In sum, though at times times strong feelings may be involved, the notion that ethics is based on the subject’s feelings and opinions alone is simplistic and ignores the fact that many such judgments are based on factual information and ethical principles that we all take for granted and which make civilization possible. If there were no such principles we would be in a state of nature in which, as Thomas Hobbes would have it, life is “solitary, poor, nasty, brutish, and short.” This would be a world, I imagine, in which no one would bother to notice, much less comment upon, the sorts of things people like Nicolai Stavrogin choose to do to himself or to others. Is it possible that this is what we are coming to? I sometimes wonder.

Conrad’s Art

I take it as given that Joseph Conrad was a consummate artist. He worked at his craft devotedly and somewhat self-consciously. An excess of self-consciousness would have flawed the finished product which, in my view, was seldom if ever flawed. The artist must know when to “let go” and let his or her work have its head. Conrad knew. His novels are beautifully written and filled with insights into the human condition, powerful images, and flowing prose. It beggars belief that this man was writing in his third language — after his native Polish and, later, French. He was convinced that English allowed him to better express the subtleties of language and evoke the most powerful images.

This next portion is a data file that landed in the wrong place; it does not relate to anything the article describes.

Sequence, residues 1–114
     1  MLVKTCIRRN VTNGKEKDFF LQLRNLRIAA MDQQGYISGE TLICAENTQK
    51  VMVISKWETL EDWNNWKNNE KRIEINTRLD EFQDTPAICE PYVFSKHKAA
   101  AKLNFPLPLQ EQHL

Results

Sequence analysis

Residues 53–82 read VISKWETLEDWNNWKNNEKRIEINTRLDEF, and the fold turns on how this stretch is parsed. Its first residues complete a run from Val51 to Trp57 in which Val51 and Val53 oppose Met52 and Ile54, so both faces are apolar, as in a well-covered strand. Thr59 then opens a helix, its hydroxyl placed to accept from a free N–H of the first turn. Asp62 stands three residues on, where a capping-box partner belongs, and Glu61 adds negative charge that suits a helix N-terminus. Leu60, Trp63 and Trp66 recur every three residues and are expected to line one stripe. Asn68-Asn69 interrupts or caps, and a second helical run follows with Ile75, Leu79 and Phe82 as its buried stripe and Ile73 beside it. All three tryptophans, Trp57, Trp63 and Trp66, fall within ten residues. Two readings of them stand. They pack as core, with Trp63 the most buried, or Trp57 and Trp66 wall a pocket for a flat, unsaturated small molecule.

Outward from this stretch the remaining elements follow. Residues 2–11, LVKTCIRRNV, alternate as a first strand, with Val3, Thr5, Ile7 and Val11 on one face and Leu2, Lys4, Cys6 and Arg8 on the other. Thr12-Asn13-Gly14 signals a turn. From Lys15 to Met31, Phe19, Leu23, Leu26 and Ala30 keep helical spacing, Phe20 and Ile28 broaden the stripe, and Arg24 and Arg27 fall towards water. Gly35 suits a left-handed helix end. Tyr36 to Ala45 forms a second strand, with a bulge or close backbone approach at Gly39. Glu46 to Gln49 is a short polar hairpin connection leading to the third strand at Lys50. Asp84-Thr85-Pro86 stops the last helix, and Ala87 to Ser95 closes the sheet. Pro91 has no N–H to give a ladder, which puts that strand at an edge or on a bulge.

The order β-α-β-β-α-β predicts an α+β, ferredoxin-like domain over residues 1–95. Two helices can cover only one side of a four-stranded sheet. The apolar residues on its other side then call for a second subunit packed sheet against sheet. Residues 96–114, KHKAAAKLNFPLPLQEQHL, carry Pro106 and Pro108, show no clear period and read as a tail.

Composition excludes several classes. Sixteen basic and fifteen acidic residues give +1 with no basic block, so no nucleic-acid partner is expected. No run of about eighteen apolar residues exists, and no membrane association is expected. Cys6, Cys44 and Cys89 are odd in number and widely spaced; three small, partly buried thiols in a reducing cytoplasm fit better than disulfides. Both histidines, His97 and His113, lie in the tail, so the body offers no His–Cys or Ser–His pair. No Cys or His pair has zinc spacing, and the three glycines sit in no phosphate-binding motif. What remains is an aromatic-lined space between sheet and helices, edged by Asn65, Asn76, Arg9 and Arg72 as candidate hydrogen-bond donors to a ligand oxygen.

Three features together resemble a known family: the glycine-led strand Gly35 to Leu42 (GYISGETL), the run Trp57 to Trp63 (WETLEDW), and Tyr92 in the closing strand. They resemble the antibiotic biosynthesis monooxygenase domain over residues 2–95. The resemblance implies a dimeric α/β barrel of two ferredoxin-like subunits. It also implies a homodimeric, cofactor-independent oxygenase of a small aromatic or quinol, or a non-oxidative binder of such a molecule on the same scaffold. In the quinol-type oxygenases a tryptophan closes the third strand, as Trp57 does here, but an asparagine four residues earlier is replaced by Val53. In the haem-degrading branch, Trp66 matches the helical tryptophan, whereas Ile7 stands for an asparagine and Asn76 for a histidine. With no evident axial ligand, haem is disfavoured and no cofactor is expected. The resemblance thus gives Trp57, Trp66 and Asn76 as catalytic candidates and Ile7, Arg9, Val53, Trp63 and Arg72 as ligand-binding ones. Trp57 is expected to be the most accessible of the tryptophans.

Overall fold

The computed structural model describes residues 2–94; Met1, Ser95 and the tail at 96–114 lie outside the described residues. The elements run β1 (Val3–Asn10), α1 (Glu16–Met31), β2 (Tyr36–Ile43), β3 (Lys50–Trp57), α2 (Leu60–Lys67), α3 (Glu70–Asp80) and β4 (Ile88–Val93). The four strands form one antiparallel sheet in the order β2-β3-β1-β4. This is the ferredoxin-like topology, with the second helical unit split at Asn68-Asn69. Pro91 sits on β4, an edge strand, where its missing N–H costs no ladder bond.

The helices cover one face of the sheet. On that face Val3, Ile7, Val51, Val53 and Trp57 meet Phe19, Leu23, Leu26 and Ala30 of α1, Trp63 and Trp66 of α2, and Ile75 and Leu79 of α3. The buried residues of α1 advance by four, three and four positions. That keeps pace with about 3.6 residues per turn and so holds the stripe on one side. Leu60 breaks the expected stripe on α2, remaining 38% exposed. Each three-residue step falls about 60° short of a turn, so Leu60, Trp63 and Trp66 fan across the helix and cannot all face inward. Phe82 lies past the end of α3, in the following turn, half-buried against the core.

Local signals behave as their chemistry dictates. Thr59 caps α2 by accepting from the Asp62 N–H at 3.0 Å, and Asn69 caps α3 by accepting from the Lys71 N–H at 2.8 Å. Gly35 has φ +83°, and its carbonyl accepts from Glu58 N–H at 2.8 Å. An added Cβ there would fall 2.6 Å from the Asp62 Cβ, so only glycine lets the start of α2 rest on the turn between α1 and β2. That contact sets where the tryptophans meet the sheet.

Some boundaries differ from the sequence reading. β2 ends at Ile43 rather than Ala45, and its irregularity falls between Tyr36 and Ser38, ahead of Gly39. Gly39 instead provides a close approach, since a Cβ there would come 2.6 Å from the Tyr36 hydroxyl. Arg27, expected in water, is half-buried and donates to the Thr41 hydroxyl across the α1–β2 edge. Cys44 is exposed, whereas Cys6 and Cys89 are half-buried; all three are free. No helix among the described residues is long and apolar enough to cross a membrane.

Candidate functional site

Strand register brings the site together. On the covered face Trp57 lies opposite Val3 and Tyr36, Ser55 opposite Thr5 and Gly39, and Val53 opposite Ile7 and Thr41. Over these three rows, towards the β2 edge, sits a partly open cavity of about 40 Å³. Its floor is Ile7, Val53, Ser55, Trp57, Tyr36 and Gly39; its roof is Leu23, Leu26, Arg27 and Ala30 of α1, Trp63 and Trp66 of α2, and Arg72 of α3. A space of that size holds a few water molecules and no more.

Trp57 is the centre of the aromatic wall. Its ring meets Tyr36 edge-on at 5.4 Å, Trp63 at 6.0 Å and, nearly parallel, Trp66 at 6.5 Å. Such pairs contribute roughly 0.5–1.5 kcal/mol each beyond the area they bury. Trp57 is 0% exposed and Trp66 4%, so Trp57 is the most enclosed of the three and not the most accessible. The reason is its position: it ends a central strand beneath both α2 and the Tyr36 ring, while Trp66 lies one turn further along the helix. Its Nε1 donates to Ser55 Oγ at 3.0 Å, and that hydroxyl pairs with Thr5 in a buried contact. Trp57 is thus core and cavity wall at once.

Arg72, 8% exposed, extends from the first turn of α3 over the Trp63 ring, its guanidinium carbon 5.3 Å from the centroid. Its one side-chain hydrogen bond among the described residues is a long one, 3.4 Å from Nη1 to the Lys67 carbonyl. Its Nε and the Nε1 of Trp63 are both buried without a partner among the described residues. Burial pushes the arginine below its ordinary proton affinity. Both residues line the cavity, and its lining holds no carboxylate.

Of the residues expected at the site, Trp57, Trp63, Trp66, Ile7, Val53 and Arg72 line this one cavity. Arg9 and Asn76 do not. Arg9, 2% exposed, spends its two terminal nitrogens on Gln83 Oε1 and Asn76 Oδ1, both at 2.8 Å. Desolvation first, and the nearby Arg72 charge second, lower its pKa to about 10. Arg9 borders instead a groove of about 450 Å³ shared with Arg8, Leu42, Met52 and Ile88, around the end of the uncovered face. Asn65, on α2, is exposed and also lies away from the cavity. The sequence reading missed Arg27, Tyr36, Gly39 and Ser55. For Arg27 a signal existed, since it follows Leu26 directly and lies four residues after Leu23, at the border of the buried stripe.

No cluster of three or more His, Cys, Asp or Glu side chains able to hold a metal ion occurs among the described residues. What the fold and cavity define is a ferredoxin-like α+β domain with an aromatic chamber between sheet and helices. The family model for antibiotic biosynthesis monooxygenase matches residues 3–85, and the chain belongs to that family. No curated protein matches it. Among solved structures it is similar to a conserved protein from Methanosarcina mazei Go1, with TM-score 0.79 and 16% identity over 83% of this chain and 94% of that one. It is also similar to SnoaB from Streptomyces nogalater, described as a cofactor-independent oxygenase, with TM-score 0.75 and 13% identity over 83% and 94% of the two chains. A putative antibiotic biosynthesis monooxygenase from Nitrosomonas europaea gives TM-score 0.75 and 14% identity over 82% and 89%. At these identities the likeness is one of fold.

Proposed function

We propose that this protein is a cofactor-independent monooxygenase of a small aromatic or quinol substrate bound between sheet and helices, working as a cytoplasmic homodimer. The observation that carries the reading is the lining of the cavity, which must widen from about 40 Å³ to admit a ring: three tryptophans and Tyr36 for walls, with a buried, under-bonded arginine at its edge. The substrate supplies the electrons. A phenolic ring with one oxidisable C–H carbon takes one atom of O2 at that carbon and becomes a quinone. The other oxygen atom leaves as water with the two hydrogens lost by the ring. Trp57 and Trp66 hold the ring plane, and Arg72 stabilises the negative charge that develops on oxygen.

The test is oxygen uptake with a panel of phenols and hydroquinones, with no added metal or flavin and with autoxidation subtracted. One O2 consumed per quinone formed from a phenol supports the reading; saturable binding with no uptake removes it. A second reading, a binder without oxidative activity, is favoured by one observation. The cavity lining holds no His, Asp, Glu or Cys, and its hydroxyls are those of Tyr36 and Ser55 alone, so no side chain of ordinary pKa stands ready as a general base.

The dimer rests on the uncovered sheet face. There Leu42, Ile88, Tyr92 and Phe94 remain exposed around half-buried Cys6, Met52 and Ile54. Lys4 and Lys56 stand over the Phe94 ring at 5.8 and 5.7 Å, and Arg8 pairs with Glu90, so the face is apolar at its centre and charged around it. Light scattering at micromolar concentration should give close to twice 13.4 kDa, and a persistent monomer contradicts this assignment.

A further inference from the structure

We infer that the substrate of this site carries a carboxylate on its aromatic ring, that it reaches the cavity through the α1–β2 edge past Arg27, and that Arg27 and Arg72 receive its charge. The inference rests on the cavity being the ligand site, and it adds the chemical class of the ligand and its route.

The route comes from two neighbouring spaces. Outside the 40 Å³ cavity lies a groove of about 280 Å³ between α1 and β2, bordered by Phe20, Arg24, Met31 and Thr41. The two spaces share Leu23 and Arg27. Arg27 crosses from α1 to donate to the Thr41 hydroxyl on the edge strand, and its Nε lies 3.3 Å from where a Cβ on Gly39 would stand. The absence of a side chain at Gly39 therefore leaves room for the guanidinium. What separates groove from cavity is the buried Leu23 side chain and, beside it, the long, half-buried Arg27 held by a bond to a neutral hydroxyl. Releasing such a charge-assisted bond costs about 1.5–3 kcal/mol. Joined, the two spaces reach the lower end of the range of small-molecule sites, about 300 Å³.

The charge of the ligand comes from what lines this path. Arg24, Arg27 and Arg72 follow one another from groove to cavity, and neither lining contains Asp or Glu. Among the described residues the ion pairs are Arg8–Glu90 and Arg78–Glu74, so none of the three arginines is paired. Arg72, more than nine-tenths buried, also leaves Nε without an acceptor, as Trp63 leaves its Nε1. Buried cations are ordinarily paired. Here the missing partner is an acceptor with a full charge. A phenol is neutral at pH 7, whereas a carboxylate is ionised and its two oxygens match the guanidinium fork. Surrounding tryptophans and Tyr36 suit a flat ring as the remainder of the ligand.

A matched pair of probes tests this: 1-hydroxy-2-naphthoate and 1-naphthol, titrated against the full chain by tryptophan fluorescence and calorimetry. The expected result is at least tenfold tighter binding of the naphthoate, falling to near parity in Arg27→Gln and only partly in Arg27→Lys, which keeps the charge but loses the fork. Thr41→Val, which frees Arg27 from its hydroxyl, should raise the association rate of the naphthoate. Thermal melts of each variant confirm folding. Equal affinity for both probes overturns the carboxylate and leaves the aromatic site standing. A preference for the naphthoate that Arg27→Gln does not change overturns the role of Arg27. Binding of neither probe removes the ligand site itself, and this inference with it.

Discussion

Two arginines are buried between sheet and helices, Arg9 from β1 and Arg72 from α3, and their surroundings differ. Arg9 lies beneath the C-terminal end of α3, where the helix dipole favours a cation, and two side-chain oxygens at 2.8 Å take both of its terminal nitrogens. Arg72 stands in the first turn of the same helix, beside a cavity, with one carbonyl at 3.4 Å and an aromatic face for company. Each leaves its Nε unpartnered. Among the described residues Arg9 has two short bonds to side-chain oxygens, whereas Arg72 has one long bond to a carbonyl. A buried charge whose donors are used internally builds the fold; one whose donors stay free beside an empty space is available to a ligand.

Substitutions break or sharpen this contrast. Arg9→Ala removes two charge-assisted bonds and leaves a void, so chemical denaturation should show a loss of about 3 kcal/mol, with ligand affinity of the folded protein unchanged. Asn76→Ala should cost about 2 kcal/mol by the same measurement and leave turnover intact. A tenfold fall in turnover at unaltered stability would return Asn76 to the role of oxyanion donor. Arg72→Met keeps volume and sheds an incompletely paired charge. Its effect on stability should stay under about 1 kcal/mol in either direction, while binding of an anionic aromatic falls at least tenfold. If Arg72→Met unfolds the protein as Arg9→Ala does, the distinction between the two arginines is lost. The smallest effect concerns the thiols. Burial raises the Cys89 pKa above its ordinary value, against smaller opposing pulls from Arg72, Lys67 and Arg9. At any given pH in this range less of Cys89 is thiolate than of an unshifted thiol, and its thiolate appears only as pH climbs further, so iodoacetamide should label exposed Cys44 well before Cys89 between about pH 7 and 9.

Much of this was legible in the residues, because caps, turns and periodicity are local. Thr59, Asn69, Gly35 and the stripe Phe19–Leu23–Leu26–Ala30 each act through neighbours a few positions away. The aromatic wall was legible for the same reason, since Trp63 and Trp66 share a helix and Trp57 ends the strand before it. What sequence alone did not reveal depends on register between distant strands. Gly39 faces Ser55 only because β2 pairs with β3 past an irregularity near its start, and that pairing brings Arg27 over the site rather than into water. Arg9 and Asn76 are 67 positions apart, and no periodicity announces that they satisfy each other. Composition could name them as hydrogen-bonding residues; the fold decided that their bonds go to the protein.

Take the following brief descriptions as an example — selected almost at random from Conrad’s novel Chance:

“As often happens after a grey daybreak the sun had risen in a warm and glorious splendor above the smooth immense gleam of the enlarged estuary. Wisps of mist floated like trails of luminous dust, and in the dazzling reflections of water and vapor, the shores had the murky, semi-transparent darkness of shadows cast mysteriously from below.”

And again:

“It was in the trade winds, at night, under a velvety, bespangled sky, a great multitude of stars watching the shadows of the sea gleaming mysteriously in the wake of the ship; while the leisurely swishing of the water to leeward was like a drowsy comment on her progress.”

Or, finally:

“The night of the town with its strings of lights, rigid, and crossed like a net of flames thrown over the somber immensity of walls, closed round him, with its artificial brilliance overhung by an emphatic blackness, its unnatural animation of a restless, overdriven humanity.

Art requires imagination, not only on the part of the artist, but also of the spectator. Fully appreciating art requires of the spectator a suspension of the critical, discursive faculties and the willingness to embrace the work on its own terms. Conrad worked very hard to present in his novels hints and suggestions that pointed just beyond the words themselves and which demanded of his reader an effort, a willingness to engage the work fully in its own terms. Some have characterized his works as “impressionistic.” As Conrad himself tells us:

“[The artist] speaks to our capacity for delight and wonder, to the sense of mystery surrounding our lives; to our sense of pity, and beauty, and pain: to the latent feeling of fellowship with all creation — and to the subtle but invincible conviction of solidarity that knits together the loneliness of innumerable hearts  in dreams, in joy, in sorrow, in aspirations, in illusions, in hope, in fear, which binds men to each other, which binds together all humanity — the dead to the living and the living to the unborn. . . .

“All art appeals primarily to the senses, and the artistic aim when expressing itself in written words must also make its appeal through the senses, if its high desire is to reach the secret springs of emotion. . . . My task, which I am trying to achieve is, by the power of the written word, to make you hear, to make you feel — it is, before all else, to make you see. That — and no more, and it is everything.”